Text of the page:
Pond Water Heating System For Cameco Corporation McArthur River Project In Saskatchewan

PROJECT OVERVIEW

Case study - Sistema de Calentamiento de Agua de Laguna (CAMECO in Spanish) 

In early 1997, Inproheat supplied a 6 MM BTU/hr pond water heating system for Cameco McArthur River project in northern Saskatchewan. The McArthur project is one of the newest uranium mines located in a remote site approximately 500 kilometers north of Saskatoon. The mine was developed in late 1998. Two deep underground shafts will provide access to the ore body. Mining will be done by remote controlled machines to minimize worker exposure to the high grade ore. The shafts are subject to inflow of groundwater, which has to be pumped to the surface and stored in several large plastic lined ponds to prevent seepage into the underlying soil and hydrological regimes. Before the water is pumped out and discharged to the river, it has to be chemically treated and filtered. Since the ponds are located outside, and winter temperatures dropping below minus 40º C (-40º F), a thick layer of ice is formed on the surface. The ice can be as thick as 8 feet, reaching almost to the pond bottom. This creates a two-fold problem. Firstly, the ice formation reduces the pond capacity, and secondly, the ice cap moves when the water is pumped into or out of the pond. In the process, ice can tear the plastic liner, leading to the contamination of the surrounding soil and water system.

Pond Water Heating CAMECO-05

THE CHALLENGE

To reduce ice formation and minimize the potential loss of water containment, Cameco identified a need for an energy efficient heating system capable of handling up to 1,000 USGPM of pond water containing a high TDS which could very easily form a scale in a traditional heat exchanger system.

  • The system had to be able to handle widely varying flows.
  • The requirement for high efficiency was dictated not only by the economics but also by the logistics of trucking propane and fuel oil for several hundred kilometers and storing it at a remote location.

The automatic heater operation and lack of boiler engineer on staff also had to be taken into consideration.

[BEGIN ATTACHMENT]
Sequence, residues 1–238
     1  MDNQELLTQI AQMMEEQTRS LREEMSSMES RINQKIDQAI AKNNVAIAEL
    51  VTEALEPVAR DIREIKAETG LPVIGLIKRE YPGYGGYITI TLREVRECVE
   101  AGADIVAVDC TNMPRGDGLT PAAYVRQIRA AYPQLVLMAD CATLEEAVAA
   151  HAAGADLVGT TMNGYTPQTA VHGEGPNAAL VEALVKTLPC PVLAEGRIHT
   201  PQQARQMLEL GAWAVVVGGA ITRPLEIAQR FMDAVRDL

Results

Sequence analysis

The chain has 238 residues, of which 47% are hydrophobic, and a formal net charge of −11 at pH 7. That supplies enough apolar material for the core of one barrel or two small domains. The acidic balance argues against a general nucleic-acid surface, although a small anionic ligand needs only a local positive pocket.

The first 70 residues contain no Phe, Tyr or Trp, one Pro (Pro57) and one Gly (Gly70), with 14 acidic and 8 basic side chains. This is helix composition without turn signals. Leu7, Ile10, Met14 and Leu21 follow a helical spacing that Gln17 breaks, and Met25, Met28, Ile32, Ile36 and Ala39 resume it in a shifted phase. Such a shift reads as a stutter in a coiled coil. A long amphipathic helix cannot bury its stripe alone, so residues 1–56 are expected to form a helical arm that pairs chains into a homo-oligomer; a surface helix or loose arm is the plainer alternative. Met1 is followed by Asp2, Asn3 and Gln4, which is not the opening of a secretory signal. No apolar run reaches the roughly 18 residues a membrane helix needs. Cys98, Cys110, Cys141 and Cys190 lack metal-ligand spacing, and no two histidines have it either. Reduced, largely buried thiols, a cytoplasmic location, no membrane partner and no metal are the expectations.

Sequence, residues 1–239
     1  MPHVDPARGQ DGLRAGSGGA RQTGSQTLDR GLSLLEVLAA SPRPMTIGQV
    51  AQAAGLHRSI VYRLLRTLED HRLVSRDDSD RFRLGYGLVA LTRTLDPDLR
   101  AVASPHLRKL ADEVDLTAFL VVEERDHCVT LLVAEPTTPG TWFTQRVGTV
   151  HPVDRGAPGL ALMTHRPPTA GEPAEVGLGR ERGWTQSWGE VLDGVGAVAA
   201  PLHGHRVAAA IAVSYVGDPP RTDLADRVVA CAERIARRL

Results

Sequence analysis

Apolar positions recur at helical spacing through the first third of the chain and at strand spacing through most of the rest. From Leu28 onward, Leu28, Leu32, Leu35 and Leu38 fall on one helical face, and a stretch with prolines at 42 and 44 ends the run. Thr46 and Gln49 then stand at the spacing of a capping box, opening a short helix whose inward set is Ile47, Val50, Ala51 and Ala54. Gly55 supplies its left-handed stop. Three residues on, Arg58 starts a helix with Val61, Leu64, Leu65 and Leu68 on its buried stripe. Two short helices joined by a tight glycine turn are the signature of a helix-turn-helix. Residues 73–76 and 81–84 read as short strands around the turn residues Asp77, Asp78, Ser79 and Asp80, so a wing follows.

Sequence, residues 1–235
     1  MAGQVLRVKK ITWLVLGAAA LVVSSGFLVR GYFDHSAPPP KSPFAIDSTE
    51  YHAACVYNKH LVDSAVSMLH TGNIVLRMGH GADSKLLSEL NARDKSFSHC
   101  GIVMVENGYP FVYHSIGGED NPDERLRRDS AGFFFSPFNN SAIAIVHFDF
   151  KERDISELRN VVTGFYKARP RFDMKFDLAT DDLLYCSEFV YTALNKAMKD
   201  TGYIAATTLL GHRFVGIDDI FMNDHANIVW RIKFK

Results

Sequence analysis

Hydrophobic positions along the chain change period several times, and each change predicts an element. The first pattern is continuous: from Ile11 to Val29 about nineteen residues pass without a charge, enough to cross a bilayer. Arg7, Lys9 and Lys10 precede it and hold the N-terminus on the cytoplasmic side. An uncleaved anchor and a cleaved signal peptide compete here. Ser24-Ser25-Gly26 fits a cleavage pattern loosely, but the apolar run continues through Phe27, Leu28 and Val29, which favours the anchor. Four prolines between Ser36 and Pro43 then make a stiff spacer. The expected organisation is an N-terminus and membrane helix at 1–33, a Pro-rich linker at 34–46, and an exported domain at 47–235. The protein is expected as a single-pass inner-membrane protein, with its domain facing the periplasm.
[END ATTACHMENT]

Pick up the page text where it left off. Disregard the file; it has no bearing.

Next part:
THE SOLUTION

Inproheat designed and manufactured a 6 MM BTU/hr SubCom® submerged combustion system. The unit was skid-mounted prepackaged and prewired including the heating tank, submerged combustion burner, combustion air blower, propane fuel train, and control panel. The fabricated steel vent stack was shipped in two sections. Cameco designed and supplied their own water supply valves and piping, discharge pump box, pump, and fabricated steel platform. The pump box was located below the platform on which the Inproheat heating system was placed to enable gravity discharge into the pump box. Manual inlet valves were used to control the water flow into the heater, while an overflow weir controls the level built in the SubCom® tank. To attenuate the momentum of water inlet velocity at 1,000 USGPM flow, an internal perforated flow distributor was also incorporated into the inlet system. Cameco providedthe pump box level control system. The SubCom® burner fuel train was connected to a 15 psig propane supply. The unit is located in a water treatment building and operates without operator intervention.

THE RESULT

Inproheat commissioned and started up the system in March 1997. A number of combustion tests were conducted. The water discharge temperature was set at 12º C (54º F), with stack temperature between 11 and 13º C (52 and 55º F). The resulting overall system efficiency was calculated at 98.5% of the propane higher heating value, compared to a typical maximum 82% efficiency of other heating methods.